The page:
Electrolytic Capacitors • The negative electrode must always be at a lower voltage than the positive electrode. • So in your circuit, the negative electrode must be grounded.
Frequency and Duty Cycle When the output of the 555 timer changes from 5V to 0V, a pulse current will flow through the speaker, causing the speaker to create a click sound. You will change the frequency of the pulses to the speaker by changing the value of Ra. Since Ra is usually much larger than Rb, the frequency of the pulses are linearly proportional to the value of Raand the duty cycle of the pulse waveform will be very short.
Why is there a resistor in series with the speaker? • A portion of the LM555 timer datasheet is shown below(NOTE: the MOSFET switch is more efficient than the BJT switch, and TCL555 data sheet is different! The TLC555’sISINK is much higher than the LM555’sISINK.)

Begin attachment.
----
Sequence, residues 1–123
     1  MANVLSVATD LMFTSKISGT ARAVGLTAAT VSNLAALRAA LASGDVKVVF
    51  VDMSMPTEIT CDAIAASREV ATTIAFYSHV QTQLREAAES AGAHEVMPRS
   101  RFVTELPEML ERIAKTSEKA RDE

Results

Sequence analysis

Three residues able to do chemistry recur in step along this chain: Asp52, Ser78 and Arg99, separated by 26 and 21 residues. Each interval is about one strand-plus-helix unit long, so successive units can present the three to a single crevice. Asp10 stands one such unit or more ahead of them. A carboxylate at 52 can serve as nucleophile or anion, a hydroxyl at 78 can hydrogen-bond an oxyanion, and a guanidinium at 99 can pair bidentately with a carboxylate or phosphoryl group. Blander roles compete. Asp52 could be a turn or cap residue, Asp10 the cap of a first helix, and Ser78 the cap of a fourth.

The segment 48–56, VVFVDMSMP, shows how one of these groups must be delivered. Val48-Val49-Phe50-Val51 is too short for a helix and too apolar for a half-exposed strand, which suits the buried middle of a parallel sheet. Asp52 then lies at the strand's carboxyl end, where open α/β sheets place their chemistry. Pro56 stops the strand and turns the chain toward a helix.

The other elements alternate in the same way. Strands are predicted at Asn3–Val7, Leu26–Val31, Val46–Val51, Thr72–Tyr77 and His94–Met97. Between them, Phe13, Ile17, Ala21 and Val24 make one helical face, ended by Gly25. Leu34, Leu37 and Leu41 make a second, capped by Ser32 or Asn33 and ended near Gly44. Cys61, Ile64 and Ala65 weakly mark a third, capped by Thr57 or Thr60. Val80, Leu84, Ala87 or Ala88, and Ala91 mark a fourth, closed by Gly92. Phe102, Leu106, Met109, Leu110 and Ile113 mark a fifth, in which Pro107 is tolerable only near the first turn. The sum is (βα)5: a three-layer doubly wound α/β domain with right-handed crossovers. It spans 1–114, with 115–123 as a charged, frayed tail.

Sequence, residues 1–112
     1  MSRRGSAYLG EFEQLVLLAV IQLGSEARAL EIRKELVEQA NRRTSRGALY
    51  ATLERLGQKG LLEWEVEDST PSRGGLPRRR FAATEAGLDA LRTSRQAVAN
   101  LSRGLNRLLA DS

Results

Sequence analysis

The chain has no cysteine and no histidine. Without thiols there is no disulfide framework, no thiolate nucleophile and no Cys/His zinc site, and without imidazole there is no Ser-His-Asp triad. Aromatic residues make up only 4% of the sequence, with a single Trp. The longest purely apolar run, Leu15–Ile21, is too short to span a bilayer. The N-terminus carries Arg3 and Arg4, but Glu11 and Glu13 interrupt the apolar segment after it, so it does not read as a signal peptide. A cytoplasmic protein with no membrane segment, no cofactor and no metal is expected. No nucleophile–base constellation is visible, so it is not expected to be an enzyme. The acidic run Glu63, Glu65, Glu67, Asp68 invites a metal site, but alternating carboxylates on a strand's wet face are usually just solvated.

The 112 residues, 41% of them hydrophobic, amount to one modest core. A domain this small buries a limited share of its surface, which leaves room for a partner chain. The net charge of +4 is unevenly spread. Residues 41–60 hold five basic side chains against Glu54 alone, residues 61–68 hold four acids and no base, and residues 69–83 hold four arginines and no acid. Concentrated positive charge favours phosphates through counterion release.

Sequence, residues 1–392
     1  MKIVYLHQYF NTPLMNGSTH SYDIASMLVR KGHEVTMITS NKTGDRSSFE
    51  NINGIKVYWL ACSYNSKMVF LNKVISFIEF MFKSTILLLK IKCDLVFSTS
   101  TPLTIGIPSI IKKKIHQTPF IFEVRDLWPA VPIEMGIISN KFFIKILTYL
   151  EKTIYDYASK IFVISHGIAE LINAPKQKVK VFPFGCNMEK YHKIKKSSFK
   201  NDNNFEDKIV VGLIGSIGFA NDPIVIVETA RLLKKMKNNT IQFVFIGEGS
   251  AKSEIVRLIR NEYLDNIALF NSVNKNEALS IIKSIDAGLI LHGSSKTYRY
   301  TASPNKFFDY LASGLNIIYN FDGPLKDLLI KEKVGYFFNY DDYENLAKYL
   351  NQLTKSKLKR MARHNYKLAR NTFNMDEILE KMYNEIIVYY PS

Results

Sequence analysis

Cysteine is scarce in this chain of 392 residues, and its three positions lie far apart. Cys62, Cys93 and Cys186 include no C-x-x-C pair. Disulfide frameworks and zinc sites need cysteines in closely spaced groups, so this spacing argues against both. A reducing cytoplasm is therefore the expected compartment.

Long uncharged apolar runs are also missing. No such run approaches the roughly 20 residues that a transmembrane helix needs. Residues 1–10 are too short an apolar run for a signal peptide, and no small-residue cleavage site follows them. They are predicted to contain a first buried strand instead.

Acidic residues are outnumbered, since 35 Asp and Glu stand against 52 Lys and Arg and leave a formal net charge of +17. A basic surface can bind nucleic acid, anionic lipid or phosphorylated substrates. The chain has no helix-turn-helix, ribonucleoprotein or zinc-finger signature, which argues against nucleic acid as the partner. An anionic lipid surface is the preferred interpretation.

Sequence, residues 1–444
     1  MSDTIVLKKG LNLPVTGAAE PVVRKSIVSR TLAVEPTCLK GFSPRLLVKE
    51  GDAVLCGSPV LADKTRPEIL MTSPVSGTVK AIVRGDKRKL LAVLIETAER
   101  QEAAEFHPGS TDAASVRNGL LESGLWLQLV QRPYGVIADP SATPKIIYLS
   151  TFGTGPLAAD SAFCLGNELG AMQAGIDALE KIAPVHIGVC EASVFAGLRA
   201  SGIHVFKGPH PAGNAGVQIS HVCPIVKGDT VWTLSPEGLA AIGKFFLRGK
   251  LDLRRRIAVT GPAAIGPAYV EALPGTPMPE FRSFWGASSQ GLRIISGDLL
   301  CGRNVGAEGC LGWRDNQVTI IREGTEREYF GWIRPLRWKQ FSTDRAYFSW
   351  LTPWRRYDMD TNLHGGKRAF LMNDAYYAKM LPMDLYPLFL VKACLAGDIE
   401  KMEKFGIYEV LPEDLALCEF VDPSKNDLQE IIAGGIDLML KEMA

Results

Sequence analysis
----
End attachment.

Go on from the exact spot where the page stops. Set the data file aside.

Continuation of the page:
Sink versus Source • When a component sinks current at its output, current is defined as positive when entering the component from the external circuitry. • When a component sources current at its output, current is defined as positive when it leaves the component and flows into the external circuitry. • In a 555 timer, the output voltage is limited to 0 V & Vcc, which is +5 V in the circuit for our experiment. • In the metronome circuit, current only flows when the output voltage is less than Vcc, which forces current to flow into the 555 timer at the output terminal. • The 555 timer will sink current. • The 200 W resistor acts as a current limiting resistor to insure that the current sinking into the 555 timer will not exceed the maximum current allowed according to the datasheet.